Daggerfall Unity remasters the classic Elder Scrolls

(Image credit: Bethesda/Gavin Clayon)

Since 2014, Gavin Clayton has been remaking The Elder Scrolls II: Daggerfall in Unity, making the incredibly ambitious RPG a bit more palatable—and moddable—for modern sensibilities. It's more of a remaster than something like Skywind or Skyblivion, however, with Clayton preserving the original but with high-resolution textures, mouse-look and, perhaps most importantly, bug fixes. There were a lot of them. 

Over the weekend, Clayton announced that Daggerfall Unity's alpha release was imminent (cheers, Reddit), with the last bits of the v0.9 roadmap almost finished. On the roadmap itself, he adds that he's focusing on bug fixes and overall polishing, while mod and translation support will continue to be developed until it hits 1.0.

0.9 introduced lots of fun stuff, including vampirism and lycanthropy (Daggerfall lets you become a wereboar!), and the ability to swim, levitate, climb and crush stuff. All the core features have been implemented now, with only a few stages left until release. 

Morrowind was the first Elder Scrolls I played, and I remain convinced it's the best of the lot, but Daggerfall has its share of adherents. Morrowind was more refined and bespoke, but Daggerfall was a stupidly huge, elaborate RPG. Bethesda re-released it for free a while back, and you can download it directly from the official site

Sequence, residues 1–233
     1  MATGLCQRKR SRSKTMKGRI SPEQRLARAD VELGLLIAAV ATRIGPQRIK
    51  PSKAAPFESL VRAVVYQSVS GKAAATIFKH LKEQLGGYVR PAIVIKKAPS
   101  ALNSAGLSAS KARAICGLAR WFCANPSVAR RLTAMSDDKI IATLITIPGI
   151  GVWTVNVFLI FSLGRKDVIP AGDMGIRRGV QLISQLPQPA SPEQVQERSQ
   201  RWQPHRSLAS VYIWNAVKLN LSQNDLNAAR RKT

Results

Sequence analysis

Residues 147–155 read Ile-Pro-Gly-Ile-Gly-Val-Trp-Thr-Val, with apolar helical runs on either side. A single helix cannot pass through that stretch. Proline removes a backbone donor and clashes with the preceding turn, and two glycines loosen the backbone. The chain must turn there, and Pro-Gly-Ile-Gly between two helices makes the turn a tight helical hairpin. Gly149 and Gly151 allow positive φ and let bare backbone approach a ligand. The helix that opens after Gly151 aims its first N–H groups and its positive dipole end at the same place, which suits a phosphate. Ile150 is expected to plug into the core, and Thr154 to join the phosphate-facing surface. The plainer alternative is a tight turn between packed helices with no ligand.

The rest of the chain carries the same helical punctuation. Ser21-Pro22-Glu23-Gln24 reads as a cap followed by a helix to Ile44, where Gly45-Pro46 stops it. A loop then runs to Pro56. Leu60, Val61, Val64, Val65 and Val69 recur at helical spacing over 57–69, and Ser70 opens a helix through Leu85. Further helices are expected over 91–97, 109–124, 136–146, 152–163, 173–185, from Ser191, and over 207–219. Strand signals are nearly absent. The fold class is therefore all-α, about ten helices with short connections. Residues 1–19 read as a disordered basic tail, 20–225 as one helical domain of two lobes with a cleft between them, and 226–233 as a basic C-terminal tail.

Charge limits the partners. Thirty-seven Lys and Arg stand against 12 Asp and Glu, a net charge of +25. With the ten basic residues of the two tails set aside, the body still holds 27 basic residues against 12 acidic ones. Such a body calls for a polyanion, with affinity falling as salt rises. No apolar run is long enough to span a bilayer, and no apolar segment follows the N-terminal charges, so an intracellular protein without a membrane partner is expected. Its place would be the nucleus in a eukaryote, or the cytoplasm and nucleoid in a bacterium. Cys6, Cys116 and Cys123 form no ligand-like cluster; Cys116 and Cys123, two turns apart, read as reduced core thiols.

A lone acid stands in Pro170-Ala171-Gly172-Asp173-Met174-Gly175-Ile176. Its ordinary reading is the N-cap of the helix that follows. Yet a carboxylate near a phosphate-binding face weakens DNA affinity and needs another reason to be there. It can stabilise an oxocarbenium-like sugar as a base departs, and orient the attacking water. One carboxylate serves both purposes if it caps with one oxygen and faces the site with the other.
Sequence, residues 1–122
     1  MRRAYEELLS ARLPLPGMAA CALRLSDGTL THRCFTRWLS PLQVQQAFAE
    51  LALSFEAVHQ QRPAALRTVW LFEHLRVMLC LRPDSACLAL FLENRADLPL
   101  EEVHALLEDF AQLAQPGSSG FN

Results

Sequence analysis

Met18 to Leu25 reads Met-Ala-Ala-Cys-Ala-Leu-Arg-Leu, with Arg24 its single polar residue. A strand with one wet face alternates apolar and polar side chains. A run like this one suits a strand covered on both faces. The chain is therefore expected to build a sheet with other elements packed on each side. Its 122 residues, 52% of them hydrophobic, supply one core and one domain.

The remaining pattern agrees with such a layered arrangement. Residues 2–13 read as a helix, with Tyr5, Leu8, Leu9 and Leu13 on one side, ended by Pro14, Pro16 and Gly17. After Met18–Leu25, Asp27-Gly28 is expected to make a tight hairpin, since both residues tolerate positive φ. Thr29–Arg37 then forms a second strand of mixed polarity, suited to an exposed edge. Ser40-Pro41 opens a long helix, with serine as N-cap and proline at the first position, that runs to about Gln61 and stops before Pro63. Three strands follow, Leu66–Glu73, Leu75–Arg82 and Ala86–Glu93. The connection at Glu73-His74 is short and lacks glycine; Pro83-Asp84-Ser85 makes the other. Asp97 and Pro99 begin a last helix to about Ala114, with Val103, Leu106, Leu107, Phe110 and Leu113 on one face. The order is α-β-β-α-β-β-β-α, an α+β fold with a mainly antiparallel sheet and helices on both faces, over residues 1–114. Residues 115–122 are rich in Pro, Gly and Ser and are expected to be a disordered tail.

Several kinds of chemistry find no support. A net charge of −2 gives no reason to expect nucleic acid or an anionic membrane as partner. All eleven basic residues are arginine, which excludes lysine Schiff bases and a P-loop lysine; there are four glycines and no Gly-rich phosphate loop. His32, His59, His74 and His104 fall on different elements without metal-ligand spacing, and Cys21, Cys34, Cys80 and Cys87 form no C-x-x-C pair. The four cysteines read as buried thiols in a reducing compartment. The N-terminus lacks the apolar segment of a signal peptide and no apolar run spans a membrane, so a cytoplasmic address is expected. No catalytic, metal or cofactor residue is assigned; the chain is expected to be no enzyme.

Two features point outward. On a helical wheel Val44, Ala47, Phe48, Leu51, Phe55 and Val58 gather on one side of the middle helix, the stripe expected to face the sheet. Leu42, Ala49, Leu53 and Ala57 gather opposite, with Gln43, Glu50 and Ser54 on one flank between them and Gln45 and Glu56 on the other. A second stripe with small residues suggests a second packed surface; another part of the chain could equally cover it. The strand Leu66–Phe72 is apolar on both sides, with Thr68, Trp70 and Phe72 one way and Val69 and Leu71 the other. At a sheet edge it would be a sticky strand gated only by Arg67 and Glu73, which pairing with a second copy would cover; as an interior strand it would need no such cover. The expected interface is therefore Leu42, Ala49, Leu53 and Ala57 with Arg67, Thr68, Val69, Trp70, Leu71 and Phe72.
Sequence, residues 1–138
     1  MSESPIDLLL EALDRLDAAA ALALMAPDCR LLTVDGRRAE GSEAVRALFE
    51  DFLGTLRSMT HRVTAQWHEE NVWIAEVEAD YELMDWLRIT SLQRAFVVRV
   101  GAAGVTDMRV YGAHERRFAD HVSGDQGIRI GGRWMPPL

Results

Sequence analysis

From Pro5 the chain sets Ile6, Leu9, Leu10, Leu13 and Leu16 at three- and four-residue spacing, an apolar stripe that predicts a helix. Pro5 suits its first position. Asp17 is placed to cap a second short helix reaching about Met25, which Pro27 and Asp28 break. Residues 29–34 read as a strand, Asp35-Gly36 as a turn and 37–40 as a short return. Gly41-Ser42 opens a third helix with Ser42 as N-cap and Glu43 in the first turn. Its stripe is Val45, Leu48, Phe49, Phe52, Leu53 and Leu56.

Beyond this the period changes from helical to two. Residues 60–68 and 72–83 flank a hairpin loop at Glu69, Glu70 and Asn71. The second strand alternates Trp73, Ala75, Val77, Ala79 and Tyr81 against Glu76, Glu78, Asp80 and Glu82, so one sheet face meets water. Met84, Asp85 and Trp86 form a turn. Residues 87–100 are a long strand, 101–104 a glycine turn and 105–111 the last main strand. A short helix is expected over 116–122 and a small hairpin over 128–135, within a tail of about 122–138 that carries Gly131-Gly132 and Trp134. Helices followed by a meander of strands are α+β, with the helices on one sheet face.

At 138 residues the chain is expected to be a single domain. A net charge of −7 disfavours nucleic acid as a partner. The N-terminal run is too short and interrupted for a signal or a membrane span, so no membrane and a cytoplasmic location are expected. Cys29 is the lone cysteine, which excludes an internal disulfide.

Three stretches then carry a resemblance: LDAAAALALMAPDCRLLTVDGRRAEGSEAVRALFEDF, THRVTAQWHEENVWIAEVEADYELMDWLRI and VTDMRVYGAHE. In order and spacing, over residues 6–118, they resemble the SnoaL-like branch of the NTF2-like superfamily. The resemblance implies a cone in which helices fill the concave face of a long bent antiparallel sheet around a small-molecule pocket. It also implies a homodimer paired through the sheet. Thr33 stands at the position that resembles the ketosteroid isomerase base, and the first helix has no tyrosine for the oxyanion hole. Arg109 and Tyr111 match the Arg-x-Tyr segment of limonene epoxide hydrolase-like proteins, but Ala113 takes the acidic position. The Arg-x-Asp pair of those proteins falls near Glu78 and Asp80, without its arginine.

To play Daggerfall Unity, you'll need a copy of Daggerfall, either from Bethesda or the other options listed here, but note that installation might be different depending on which you pick. 

Fraser Brown
Online Editor

Fraser is the UK online editor and has actually met The Internet in person. With over a decade of experience, he's been around the block a few times, serving as a freelancer, news editor and prolific reviewer. Strategy games have been a 30-year-long obsession, from tiny RTSs to sprawling political sims, and he never turns down the chance to rave about Total War or Crusader Kings. He's also been known to set up shop in the latest MMO and likes to wind down with an endlessly deep, systemic RPG. These days, when he's not editing, he can usually be found writing features that are 1,000 words too long or talking about his dog.